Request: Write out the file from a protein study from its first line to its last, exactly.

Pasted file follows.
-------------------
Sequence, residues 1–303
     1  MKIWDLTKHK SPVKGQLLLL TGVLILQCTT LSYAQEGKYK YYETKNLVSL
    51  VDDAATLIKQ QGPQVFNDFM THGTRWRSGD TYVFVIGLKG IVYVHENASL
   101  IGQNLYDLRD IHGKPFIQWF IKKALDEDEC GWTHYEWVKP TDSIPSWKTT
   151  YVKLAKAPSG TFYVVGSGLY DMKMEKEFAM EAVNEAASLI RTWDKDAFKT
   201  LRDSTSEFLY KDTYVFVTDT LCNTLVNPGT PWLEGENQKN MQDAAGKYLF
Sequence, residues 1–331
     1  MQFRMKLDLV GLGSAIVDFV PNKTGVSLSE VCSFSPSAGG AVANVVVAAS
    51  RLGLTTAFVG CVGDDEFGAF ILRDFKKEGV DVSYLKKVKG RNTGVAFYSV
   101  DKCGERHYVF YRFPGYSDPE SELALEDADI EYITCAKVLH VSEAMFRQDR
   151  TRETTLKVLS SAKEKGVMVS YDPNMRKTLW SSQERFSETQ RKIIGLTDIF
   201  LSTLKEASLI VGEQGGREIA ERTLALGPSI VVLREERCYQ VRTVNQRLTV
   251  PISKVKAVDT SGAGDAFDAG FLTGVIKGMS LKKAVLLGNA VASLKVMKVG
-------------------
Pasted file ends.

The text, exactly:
Sequence, residues 1–303
     1  MKIWDLTKHK SPVKGQLLLL TGVLILQCTT LSYAQEGKYK YYETKNLVSL
    51  VDDAATLIKQ QGPQVFNDFM THGTRWRSGD TYVFVIGLKG IVYVHENASL
   101  IGQNLYDLRD IHGKPFIQWF IKKALDEDEC GWTHYEWVKP TDSIPSWKTT
   151  YVKLAKAPSG TFYVVGSGLY DMKMEKEFAM EAVNEAASLI RTWDKDAFKT
   201  LRDSTSEFLY KDTYVFVTDT LCNTLVNPGT PWLEGENQKN MQDAAGKYLF
Sequence, residues 1–331
     1  MQFRMKLDLV GLGSAIVDFV PNKTGVSLSE VCSFSPSAGG AVANVVVAAS
    51  RLGLTTAFVG CVGDDEFGAF ILRDFKKEGV DVSYLKKVKG RNTGVAFYSV
   101  DKCGERHYVF YRFPGYSDPE SELALEDADI EYITCAKVLH VSEAMFRQDR
   151  TRETTLKVLS SAKEKGVMVS YDPNMRKTLW SSQERFSETQ RKIIGLTDIF
   201  LSTLKEASLI VGEQGGREIA ERTLALGPSI VVLREERCYQ VRTVNQRLTV
   251  PISKVKAVDT SGAGDAFDAG FLTGVIKGMS LKKAVLLGNA VASLKVMKVG